I was wrong. But the other thing when I talk about like, rejections God's protection, I really believe that because even though we don't see it at the time and it doesn't make sense at the time, but like, I was so desperate Tom, I would have probably given him the majority of the company for like almost no money. And because he didn't believe in us and because so many people reject vessel on the way by the time we did sell our business to L'Oreal, we're still the largest shareholders. So it was like, there's so many situations like that. But anyhow, that deep knowing that knowing he's wrong, that's an example of, okay, looking back over time, where did I make mistakes and where did I do things right? And then we refine that muscle of learning. Oh yeah, you know, learning to trust ourselves. There's so much in that that is extraordinary. We're now going to test my abilities as an interviewer to see if I can tease out some of the things that you talk about in the book to put a capstone on this idea of training your intuition. So I have a deep and abiding fear of being spiritual entertainment. People will be moved by you. They will be moved by your story. But if they're very careful and they pay close attention, it will change how they move through the world, certainly as a person just pursuing goals, but potentially even as somebody who wants to start their own business. So now I want to talk more about how I see intuition. Tell me if you think I go astray, if you have an insight, maybe that I'm missing. This is what I've taken from your book. So obviously, if I get something wrong, let me know. But so when you get to that moment in the book and you talk about hearing that devastating news, which for anybody would be ruthlessly difficult for a woman, just multiply it by 100. So the fact that it maybe was a dazing blow, but you regain yourself and you get back in the game. And I start replaying your story from the beginning things you'd already talked about in the book up until that moment. And I realize, okay, wait, she struggled with her weight in school. She was sneaking diet shakes and drinking them in the bathroom with other girls who are going through the same thing. And that was like the first ding. Okay, other girls that are going through the same thing, that's interesting. And, you know, really struggling with your weight and seeing how it affects other people and, you know, wanting to find ways to connect with them and make them feel better. And you develop disability almost to soothe other people even more effectively than you soothe yourself, which ding was another. Okay, that's interesting to see sort of what you could give to somebody else. And what I want people to understand what I'm building here is the context. It is your, I talk it about it in terms of context or frame of reference, but it's your, it's what people would refer to as their gut. The thing that sort of escapes logic that's built on everything you've lived up to that point. And then there's one thing that when I read in your book, I legitimately was by myself and out loud, I was like, what? I had no idea that you found out in your late 20s, 27, if I'm not mistaken, that you're adopted and that you become obsessed with who am I? And the notion of who I am has sort of fallen away into tatters. And I was like, oh, I had the chill, I wish you could see that on camera. I have the fucking chills thinking about how your story, all of those elements, because you had the ability to contextualize it, see it as intuition. God speaking to you, however you translate that, but that that quest of identity of realizing that what your mission is in it comics was to help people love themselves as they were. And so it would be an affront to your very reason for existing to take that guy's advice. So it's like, if I'm a screenwriter leading up to that moment for the character to be true to herself, of course, she has to reject that advice, because the being in the bathroom and sharing those shakes and loving those women, those girls for who they were and seeing something they couldn't see in themselves and battling with your own weight and then the adoption and having to re figure out who you are, all of a sudden you realize yo, identity is like extraordinarily important. And now the piece de resistance, you marry that with a real business education, not only of experience, but actually having gone to school and studied this stuff. And now it's like, okay, I've got pieces that I can explain, which by the way, I'm literally just walking people through what's in the book, which is why this book is so powerful of when you understand that your life has been hard, everybody's I'm talking to everybody now, your life has been hard, it's full of upsets and slights and abuses and dumb mistakes and embarrassments and all that. What your book and your ideas teach people is how to turn that into feeling that when you're still you can interpret through a mission to make choices that are counterintuitive. Now why is that important? Your life is an explanation of one very simple idea, which is if you want to succeed big in business, you must bet against the consensus and be right. For you to have built something that you could exit for $1.2 billion, everyone had to be against you, otherwise they would already be doing it. It had to be the counterintuitive idea and seeing the pieces that led up to that moment is breathtaking in your ability to lay it out and draw those pieces together. And so what I hope people don't lose because here is, and we may see this differently, but when I am compelled by one simple fact, right now your zip code is the number one predictor of your future success. That is true because the context of your youth binds into your mind in a way that is ruthlessly difficult to recognize as a construct. You simply mistake it for truth. And so people get trapped in these very terrifying ways. So I think a lot about how do you get people to train their intuition so that really when they turn inward, because most people, I think they turn inward and they're still so broken, they think I'm not worthy. And so when this guy says don't do this, they crumble because they haven't translated the hard experiences into a mission, which is what you did. So good. I can't like seriously, by the way, I've never heard anyone put it together like that in such a through line. And I think that it's so true. And I just want to call out one thing that you said to every single person listening right now, it is so easy for us to see our our setbacks and our hard times and our things where we feel like we're not enough or we didn't go to the right job or the right we don't come right family or we don't come from the right zip code or any of those things. It's so easy to think that, okay, so here's what I'm destined to do. And again, it's wild, the power, because I believe everyone has a calling. I believe everyone has more than one purpose in their life.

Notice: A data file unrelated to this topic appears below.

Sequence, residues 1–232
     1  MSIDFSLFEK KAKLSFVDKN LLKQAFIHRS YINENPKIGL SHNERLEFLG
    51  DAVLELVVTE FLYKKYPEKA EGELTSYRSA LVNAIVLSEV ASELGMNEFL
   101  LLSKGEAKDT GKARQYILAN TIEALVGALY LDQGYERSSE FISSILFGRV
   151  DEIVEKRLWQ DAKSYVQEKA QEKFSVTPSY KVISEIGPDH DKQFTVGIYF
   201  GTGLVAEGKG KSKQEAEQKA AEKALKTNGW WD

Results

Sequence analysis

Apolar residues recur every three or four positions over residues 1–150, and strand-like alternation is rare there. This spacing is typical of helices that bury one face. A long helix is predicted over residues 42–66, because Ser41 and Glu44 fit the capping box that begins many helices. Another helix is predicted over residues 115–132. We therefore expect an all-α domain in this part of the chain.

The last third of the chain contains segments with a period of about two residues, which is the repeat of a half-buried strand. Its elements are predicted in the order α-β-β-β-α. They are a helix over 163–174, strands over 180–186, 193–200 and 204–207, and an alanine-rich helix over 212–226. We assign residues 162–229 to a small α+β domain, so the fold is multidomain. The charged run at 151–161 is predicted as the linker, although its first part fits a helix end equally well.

Turning our hardships into superpowers (29:17)